“Kingsman: The Secret Service” is a hyper violent, crude, in your face at all times and a somewhat interesting movie. This flick is full of twists and turns that really amount to nothing, and the end isn’t really paid off in a satisfactory way.
“Kingsman: The Secret Service” is ‘James Bond’ on steroids. It takes everything we have come to love about spy pictures, and really ups the ante and ups the level of outlandish violence.
“Kingsman” has some wonderful performances throughout. Colin Firth, Michael Caine, and a hilarious Samuel L. Jackson, who makes a few interesting choices in his character of Valentine. That speech impediment of his at first threw audiences off, but it was done with class and the tongue and cheek nature of it, shouldn’t offend too many people.
However, the real standout in this film is that of the young Taron Egerton as “Eggsy” he is bold, brash, and ballsy throughout the entirety of this well made film. He has the quality of an actor that makes you not just believe in his character, but believe that he can carry this entire movie on his shoulders. I expect to see more of this fine young actor in years to come. Mark Hamil and Mark Strong are sublime in their supporting roles, and it was a real shock to see Hamil play such an avuncular character. He is fun, funny and plays that professor character a little off kilter, and it works perfectly, for this movie.
The biggest issue with this film isn’t the direction, Matthew Vaughn does a pretty great job with the over exaggerated and highly stylized action and violence. The issue is the predictable plot that really isn’t paid off at the end. The film has moments of intrigue and interest and the overall tone of the script is smart and witty. The dialogue is sharp and snappy too. However, just the story and the narrative are pretty plain, and nothing really leaps out at you during the viewing of this film. The pace of the movie feels off as well. There are moments of true joy and adventure, but more often than not there are long arduous mundane scenes that simply slow the movie down. The story doesn’t zip through, like a usual Vaughn flick would.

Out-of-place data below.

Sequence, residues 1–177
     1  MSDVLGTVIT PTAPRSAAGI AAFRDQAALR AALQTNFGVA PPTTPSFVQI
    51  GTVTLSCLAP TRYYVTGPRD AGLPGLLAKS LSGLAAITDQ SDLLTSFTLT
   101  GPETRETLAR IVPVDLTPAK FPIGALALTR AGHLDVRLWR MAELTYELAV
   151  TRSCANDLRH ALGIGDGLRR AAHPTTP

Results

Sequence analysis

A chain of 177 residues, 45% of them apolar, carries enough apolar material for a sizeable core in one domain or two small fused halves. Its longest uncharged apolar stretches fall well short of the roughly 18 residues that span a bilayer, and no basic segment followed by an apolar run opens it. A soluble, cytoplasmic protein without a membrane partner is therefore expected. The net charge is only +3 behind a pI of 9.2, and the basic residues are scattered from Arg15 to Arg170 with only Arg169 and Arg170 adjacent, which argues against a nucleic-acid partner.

The strangest problem with this film other than the story is that score, feels and sounds pretty similar to the score from “XMen: First Class” Henry Jackman who has scored a few of Matthew Vaughn’s previously movies like “XMen: First Class” plays up the score and make its sound almost identical to that wonderfully made XMen film. It is bizarre to hear both of those scores and to feel and hear the similar tones, and themes that Jackman weaves through both of those movies. It was distracting and if you happened to notice it, you would have been taken out of the movie for a few moments, scratching your head. Asking yourself where you have heard this music before.
The action that is played up is the usual sort of action you come to be familiar with when you see the pairing of comic book writer and legend Mark Millar and Matthew Vaughn when they collaborate on film projects. Vaughn does an amazing job with the overall highly stylized action, and the overall performances, but this movie lacks in a robust and awe-inspiring climax that this movie so desperately deserves. The CGI in moments during the final minutes really should have been worked on a bit more before it made it onto the big screen. The ending of this film really left so much to be desired. Entire characters didn’t get the pay off that they deserved within their story arch. With that being said there is potential in this movie franchise, if “Kingsman” gets a sequel. Hopefully, if there is a sequel in the future they make that film much more exciting then this film.